An American deployment decision is at least two years away, and it is still by no means certain that that decision will be to proceed with deployment or that the Canadian government will choose to participate if deployment does proceed. But the fact that these decisions have not been made only compounds the folly of ignoring the issue. The American decision, when it comes, will be made on the basis of the deployment plans currently being developed. If those plans have been developed in co-operation with Canada, are designed to involve both Canada and the United States, and are built around a system designed to operate under NORAD command, jointly staffed by Canadians and Americans, and possibly predicated on the deployment of interceptors, radars, communications systems or other facilities in Canada, the United States might be inclined to take a highly uncharitable view of Canadian policy if the government were to determine - only after the United States had decided to proceed - that Canada was not interested in participation after all.

Deployment of a BMD system would be a terrible mistake (see sidebar). Canada should be working actively and publicly to discourage the US from deploying missile defences. The government should make it clear that Canada will not participate in such a system. Unfortunately, we are currently proceeding in exactly the wrong direction. By signalling that Canada is open to the idea, the Department of National Defence is encouraging the US to proceed. Even worse, by participating in planning that foresees at least the possibility of Canadian participation in the system, the department is sharply reducing the Canadian government's room to manoeuvre in the event of an American deployment decision.

If the Canadian government wants to influence BMD policy, instead of just prepare itself to climb on board whatever decision ultimately is made in Washington, it needs to address this issue now.

(1) Jeff Erlich, "U.S. Panel Gives NMD Approval Despite Hurdles," Defense News, 26 August-1 September 1996, pp. 4, 26.

(2) General Howell Estes, Sustaining the Strategic Space Advantage, 13 March 1997 (

(3) Brigadier-General Alan Johnson, The User's Perspective, presentation to Advance Planning Briefing to Industry Conference, 1 May 1997, Slide 41 (the full presentation can be found at

(4) Fraser Holman, "Canada's air force in the new millenium," Canadian Defence Quarterly, Autumn 1997, p. 37.

(5) General Howell Estes, Speech for the Air Force Association Annual Symposium, 18 October 1996 (

(6) Brigadier-General Alan Johnson, The User's Perspective, Slide 40.

(7) DND briefing for Project Ploughshares, 26 November 1997.

(8) Challenge and Commitment: A Defence Policy for Canada, DND, 1987, p. 19.

(9) 1994 Defence White Paper, DND, 1994, pp. 25-26.

(10) Dave Todd, "Canada, U.S. plan `son of Star Wars': Anti-missile system to focus on new threats," Ottawa Citizen, 13 January 1995, p. A3.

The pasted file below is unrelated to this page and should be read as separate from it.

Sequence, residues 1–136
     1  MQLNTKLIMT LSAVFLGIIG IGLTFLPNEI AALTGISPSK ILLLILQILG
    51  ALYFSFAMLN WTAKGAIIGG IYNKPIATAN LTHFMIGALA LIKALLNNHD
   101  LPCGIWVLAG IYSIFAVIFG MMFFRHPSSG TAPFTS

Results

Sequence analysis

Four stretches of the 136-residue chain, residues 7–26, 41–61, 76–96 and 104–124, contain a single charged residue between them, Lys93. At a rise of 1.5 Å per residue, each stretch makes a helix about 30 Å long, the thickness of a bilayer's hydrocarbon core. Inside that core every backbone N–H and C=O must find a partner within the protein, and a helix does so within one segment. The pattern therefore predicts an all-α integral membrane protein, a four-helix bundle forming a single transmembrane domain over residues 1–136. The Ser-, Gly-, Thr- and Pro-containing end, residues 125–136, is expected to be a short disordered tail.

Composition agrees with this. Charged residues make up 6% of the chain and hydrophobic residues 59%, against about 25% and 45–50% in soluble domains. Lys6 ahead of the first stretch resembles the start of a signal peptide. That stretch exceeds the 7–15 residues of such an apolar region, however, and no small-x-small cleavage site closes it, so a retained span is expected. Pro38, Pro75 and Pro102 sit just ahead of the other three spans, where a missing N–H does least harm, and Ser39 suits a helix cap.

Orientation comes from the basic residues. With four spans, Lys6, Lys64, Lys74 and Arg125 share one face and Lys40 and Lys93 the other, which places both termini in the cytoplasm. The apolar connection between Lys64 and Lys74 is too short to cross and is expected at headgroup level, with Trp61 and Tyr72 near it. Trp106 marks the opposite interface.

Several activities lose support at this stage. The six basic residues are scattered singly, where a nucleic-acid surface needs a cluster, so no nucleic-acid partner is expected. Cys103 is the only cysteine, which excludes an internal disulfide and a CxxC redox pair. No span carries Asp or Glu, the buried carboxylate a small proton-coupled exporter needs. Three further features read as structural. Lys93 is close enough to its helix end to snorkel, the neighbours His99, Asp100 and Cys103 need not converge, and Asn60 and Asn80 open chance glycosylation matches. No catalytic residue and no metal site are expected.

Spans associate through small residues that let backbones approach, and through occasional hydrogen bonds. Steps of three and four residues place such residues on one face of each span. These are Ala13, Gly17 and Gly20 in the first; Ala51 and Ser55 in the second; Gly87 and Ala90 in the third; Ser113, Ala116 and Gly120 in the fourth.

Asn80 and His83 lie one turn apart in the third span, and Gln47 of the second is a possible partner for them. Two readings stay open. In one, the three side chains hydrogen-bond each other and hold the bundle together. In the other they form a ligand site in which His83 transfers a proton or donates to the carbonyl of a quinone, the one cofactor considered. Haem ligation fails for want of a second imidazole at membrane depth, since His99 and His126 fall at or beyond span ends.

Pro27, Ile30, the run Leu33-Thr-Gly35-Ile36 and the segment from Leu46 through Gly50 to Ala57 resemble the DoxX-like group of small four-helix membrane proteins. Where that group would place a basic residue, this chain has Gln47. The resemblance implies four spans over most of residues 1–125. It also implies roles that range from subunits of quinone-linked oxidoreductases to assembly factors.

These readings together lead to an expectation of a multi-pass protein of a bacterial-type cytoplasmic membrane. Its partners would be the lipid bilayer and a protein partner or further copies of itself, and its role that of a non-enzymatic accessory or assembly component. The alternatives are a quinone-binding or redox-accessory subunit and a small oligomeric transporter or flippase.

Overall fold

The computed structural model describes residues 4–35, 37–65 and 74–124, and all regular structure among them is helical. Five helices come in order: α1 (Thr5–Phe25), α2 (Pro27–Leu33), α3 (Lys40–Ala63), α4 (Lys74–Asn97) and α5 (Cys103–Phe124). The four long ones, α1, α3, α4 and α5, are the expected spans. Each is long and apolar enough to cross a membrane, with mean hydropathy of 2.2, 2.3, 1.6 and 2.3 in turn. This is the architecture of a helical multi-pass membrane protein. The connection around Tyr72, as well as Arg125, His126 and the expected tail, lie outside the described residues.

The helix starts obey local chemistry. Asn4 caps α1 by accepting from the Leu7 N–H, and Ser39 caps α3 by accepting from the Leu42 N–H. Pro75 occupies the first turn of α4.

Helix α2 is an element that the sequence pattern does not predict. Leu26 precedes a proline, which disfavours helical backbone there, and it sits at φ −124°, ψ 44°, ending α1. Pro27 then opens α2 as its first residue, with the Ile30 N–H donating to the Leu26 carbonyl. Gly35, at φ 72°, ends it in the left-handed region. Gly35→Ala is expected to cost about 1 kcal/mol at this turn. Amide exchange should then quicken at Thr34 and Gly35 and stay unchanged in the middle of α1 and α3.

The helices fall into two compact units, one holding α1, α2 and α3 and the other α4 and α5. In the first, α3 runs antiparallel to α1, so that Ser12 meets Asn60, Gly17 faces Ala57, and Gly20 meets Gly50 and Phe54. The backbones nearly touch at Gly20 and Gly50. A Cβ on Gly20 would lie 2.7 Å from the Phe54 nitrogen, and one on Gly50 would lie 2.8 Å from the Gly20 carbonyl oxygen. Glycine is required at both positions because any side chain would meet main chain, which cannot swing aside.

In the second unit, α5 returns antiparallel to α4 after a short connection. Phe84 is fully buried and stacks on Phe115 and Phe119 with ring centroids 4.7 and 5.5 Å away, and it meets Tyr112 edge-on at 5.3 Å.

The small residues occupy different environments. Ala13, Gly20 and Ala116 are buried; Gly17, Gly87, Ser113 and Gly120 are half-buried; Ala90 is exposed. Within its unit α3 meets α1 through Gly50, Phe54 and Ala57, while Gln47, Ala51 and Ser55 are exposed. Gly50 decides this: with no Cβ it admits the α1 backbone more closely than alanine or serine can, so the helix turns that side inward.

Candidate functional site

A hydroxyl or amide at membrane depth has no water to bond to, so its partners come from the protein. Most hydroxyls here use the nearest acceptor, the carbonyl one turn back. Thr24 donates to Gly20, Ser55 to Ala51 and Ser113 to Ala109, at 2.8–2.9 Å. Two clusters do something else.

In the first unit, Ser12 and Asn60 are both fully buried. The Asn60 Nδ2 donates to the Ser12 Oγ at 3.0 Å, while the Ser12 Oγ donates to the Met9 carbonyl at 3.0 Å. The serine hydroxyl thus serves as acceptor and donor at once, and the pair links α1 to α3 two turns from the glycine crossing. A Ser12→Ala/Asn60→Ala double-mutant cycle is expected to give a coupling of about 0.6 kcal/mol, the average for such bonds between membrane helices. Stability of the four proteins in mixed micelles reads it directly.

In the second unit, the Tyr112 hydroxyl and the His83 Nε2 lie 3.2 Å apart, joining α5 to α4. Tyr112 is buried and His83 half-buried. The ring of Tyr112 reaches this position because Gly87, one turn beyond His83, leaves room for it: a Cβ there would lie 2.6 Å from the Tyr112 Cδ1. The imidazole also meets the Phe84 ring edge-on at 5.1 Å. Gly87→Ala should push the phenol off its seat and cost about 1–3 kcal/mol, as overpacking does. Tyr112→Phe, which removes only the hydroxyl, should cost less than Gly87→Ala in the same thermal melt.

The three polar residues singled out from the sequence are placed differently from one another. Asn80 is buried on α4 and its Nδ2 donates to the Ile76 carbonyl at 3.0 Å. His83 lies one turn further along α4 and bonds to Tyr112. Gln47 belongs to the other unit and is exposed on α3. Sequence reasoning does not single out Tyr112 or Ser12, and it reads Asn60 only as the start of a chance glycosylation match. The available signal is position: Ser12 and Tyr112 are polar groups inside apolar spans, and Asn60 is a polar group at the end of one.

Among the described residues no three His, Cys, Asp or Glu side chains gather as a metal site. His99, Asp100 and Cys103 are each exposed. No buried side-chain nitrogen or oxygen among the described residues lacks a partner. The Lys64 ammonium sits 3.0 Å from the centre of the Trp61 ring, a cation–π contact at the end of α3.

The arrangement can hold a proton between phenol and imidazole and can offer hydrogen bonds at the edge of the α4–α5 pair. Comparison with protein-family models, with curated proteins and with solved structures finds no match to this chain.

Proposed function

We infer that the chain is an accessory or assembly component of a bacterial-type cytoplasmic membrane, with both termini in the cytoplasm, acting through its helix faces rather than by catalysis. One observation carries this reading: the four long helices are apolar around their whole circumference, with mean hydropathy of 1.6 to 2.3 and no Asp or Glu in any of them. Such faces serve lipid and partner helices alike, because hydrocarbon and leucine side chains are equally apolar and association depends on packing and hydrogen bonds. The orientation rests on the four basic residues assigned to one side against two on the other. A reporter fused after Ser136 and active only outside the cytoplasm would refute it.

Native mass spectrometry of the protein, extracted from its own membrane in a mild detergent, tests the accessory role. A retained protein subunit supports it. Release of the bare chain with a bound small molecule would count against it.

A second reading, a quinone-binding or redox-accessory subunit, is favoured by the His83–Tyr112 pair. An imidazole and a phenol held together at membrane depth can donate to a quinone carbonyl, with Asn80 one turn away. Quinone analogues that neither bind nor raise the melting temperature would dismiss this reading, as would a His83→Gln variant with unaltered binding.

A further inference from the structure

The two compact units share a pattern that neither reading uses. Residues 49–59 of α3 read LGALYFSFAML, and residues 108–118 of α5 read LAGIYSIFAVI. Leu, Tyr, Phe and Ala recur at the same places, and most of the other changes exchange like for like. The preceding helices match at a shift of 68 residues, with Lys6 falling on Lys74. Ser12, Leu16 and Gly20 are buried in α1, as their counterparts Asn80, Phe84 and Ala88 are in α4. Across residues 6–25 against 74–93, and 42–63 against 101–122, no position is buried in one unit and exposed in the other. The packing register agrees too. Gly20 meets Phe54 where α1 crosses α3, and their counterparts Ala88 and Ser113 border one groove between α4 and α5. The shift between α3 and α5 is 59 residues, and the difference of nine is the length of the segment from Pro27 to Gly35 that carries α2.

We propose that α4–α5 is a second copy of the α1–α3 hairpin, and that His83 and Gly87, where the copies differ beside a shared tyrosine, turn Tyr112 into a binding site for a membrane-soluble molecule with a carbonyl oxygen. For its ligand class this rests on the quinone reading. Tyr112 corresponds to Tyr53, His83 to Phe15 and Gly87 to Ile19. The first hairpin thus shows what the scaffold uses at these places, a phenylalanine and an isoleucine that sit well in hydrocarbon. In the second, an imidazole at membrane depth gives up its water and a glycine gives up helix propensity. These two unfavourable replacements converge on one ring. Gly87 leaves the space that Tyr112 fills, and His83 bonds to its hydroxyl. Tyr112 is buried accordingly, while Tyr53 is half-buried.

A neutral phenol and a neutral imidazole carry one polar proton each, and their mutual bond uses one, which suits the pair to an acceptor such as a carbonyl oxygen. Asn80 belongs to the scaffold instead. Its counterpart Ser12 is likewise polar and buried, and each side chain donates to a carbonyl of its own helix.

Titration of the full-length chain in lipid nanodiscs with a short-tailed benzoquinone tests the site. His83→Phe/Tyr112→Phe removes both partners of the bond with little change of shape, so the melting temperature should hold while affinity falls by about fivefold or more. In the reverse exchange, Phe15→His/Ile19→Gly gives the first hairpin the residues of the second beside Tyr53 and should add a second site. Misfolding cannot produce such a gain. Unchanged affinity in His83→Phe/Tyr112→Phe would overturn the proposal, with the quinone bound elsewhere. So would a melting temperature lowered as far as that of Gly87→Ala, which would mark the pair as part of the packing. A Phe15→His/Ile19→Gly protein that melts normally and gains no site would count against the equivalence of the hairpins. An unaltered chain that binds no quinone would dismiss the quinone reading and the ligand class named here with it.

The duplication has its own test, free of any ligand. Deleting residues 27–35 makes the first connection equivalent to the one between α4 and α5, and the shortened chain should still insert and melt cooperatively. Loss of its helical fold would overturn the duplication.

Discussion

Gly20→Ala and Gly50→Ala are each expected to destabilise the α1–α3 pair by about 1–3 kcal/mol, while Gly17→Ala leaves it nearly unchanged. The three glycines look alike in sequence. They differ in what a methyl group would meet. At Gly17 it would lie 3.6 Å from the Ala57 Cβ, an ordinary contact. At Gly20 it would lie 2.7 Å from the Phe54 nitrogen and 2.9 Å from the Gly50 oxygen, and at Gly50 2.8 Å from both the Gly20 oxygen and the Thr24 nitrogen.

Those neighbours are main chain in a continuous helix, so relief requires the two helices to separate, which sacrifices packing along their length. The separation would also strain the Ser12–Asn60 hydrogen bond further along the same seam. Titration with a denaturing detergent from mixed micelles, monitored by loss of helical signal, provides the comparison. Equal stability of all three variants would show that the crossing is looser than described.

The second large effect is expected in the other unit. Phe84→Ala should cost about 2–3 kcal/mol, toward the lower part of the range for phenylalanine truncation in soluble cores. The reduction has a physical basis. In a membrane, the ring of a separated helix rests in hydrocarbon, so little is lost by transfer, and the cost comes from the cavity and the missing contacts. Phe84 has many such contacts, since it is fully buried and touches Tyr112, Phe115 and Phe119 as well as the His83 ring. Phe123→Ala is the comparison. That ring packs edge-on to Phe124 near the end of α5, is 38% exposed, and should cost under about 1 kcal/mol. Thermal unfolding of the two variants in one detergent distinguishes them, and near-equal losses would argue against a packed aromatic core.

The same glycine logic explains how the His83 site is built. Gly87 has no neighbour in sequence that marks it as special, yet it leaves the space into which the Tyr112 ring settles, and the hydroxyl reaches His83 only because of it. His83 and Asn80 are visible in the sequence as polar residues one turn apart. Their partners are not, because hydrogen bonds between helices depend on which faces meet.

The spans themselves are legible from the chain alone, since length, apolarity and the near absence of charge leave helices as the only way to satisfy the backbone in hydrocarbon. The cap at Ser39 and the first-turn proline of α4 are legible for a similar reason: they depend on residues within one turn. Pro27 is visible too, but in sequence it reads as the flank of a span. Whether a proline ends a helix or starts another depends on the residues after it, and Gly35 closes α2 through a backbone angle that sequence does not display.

(11) Canadian NORAD Region - Past, Present, Future: Evolution to Meet Tomorrow's Needs, Canadian NORAD Region headquarters, 1995, pp. 12-13.

(12) NORAD Into The 21st Century, NORAD pamphlet, 1997.

(13) NORAD Agreement, exchange of notes dated 28 March 1996.

(14) Canadian NORAD Region - Past, Present, Future: Evolution to Meet Tomorrow's Needs, p. 13; early versions of a "NORAD/USSPACECOM Ballistic Missile Defense Concept of Operations," classified secret, have been in existence since at least December 1993. See Aerospace Defense of North America (Joint Publication 3-01.1), US Department of Defense, 4 November 1996, p. A-2.

(15) Selected Technology Initiatives for 1997-1998, DND, 1997 (

(16) DND briefing.

(17) DND briefing; also Omnibus Space Project, DND, no date (reproduced at

(18) DND briefing. David Pugliese, "Canada Seeks Funds, Partners for Military Satellite," Defense News, 24-30 June 1996, p. 6 estimates as much as $600 million.

(19) Major Richard Sponder, "Missile warning in the nineties," Roundel, December 1995.

(20) Statement of Objectives for NMD Lead System Integrator Concept Definition and Lead System Integrator, Ballistic Missile Defense Organization, 1997 (reproduced at

(21) Evidence, Standing Committee on National Defence and Veterans Affairs, meeting no. 30, 3 October 1995; House of Commons Debates, 11 March 1996.

(22) Government Response to the Recommendations of the Special Joint Parliamentary Committee Reviewing Canadian Foreign Policy, Government of Canada, February 1995, p. 16; "Canada and the United States to renew defence agreement," News Release, Government of Canada, 25 March 1996.

(23) DND briefing.

(24) DND briefing.

(25) George Lewis and Theodore Postol, "Portrait of a bad idea," Bulletin of the Atomic Scientists, July/August 1997. US military doctrine already considers defence against "ballistic missiles with range capability less than 3500 kilometres" to be part of "air defence." See Aerospace Defense of North America (Joint Publication 3-01.1), US Department of Defense, 4 November 1996, p. I-1.
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Author:Robinson, Bill
Publication:Ploughshares Monitor
Date:Dec 1, 1997
Previous Article:Welcome to the 21st century.
Next Article:NATO expansion and European security.